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Rowland v. State

    Brief Fact Summary.

    Rowland (Defendant) shot at a man he found in bed with his wife, but accidentally killed his wife instead.

    Synopsis of Rule of Law.

    When an individual commits homicide in reaction to witnessing his spouse committing adultery, the appropriate charge is manslaughter, not murder.

    Facts.

    Defendant saw his wife getting out of bed with another man and was enraged. He shot at the man, but hit and killed his wife instead. Defendant was convicted of murder and appealed.

    Issue.

    When an individual commits a homicide in reaction to witnessing his spouse committing adultery, is the appropriate charge manslaughter?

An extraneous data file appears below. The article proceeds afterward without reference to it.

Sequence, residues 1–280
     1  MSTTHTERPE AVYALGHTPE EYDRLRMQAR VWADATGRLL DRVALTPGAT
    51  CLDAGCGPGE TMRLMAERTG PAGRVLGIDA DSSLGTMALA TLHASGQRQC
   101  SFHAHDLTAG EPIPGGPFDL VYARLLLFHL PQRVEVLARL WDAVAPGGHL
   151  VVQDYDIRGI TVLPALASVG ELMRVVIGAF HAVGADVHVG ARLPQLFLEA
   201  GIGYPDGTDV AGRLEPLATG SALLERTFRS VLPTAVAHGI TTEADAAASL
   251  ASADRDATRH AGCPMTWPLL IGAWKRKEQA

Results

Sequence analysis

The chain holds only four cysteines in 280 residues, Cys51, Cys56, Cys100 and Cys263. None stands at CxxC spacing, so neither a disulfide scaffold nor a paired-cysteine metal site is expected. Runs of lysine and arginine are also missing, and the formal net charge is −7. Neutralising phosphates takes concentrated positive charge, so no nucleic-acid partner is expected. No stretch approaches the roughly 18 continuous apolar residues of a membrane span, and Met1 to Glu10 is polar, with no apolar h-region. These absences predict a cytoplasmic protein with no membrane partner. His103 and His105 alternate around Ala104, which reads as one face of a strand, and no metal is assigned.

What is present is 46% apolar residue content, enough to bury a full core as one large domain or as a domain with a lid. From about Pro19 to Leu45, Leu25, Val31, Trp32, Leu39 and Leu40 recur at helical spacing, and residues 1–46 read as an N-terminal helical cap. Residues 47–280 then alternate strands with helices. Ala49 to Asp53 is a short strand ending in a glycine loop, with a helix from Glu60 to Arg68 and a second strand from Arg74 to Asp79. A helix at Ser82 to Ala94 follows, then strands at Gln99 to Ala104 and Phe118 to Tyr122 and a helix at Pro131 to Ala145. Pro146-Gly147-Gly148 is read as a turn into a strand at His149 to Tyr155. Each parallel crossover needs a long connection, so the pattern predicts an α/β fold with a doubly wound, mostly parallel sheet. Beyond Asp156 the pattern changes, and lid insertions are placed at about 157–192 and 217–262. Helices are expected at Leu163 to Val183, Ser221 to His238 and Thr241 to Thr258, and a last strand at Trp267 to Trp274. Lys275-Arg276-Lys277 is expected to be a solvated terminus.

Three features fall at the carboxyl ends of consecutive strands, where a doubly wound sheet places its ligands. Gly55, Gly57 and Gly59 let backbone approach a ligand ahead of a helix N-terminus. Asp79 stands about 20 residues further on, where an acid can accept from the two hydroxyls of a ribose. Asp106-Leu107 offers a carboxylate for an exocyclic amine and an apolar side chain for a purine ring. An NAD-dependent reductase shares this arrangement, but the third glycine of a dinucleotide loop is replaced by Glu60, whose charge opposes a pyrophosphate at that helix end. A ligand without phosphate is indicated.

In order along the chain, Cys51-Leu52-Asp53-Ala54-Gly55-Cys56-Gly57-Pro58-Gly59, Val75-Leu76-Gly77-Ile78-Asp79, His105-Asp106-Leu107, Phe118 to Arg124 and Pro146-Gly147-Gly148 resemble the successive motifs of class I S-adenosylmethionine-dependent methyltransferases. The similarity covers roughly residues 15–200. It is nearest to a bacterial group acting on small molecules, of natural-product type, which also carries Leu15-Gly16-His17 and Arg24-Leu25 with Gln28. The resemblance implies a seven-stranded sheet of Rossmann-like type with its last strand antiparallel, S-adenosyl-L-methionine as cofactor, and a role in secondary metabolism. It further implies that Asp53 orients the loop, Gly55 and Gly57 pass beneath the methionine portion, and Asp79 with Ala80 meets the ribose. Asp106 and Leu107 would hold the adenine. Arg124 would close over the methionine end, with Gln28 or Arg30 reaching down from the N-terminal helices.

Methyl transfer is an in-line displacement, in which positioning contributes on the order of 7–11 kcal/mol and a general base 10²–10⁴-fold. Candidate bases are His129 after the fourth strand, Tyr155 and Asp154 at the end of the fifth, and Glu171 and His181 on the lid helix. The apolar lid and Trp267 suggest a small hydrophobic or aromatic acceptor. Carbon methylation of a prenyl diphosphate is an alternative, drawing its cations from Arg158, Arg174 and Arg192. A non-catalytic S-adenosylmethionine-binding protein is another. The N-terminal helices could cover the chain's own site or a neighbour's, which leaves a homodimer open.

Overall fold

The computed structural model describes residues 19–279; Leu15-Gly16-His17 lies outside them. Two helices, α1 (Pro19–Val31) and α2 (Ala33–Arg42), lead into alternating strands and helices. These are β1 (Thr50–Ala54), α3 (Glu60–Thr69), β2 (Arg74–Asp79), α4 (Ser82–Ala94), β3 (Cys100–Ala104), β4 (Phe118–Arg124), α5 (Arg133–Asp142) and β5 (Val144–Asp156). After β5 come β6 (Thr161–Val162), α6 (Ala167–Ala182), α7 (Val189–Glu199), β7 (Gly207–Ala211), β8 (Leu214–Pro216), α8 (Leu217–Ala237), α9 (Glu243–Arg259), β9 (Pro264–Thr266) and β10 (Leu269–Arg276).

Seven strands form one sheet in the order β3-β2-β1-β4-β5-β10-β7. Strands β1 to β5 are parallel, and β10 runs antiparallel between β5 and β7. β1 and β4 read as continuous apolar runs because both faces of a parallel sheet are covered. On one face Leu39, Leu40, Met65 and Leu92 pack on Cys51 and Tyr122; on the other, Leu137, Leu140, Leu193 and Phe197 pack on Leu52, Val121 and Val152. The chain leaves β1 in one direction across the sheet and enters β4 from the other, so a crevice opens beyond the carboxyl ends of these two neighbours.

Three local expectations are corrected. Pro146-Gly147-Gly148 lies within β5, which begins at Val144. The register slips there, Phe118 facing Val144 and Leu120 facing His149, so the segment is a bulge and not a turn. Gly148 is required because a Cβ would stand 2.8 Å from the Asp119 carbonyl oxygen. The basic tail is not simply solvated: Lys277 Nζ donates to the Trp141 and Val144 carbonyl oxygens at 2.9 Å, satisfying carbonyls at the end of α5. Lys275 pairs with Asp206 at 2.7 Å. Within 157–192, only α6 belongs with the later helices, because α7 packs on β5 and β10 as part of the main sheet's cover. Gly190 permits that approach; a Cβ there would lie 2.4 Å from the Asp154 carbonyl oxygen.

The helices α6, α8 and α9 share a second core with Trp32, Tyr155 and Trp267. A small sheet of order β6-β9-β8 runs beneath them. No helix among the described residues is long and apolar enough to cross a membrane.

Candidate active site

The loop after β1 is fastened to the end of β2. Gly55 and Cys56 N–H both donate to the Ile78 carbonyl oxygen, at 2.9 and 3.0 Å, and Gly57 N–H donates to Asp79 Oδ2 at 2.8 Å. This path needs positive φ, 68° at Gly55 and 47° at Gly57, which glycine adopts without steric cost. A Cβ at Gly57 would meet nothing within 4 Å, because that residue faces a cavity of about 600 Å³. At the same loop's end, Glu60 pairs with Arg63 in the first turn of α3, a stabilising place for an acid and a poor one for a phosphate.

Held.

    (Truly, J.) Yes. When an individual commits homicide in reaction to witnessing his spouse committing adultery, the appropriate charge is manslaughter, not murder. A homicide committed in the heat of passion is manslaughter, not murder. Adultery is inherently provocative, and so the law presumes that a homicide committed under such provocation is manslaughter. Defendant’s murder conviction was improper. Reversed.

    Discussion.

    Different jurisdictions vary in how much a defendant needs to see of the adulterous act in order to get the benefit of this rule. For some, the defendant must actually have seen intercourse. The majority view, however, applied the rule whenever the defendant witnessed anything that would lead him to conclude with reasonable certainty that the spouse was being unfaithful.


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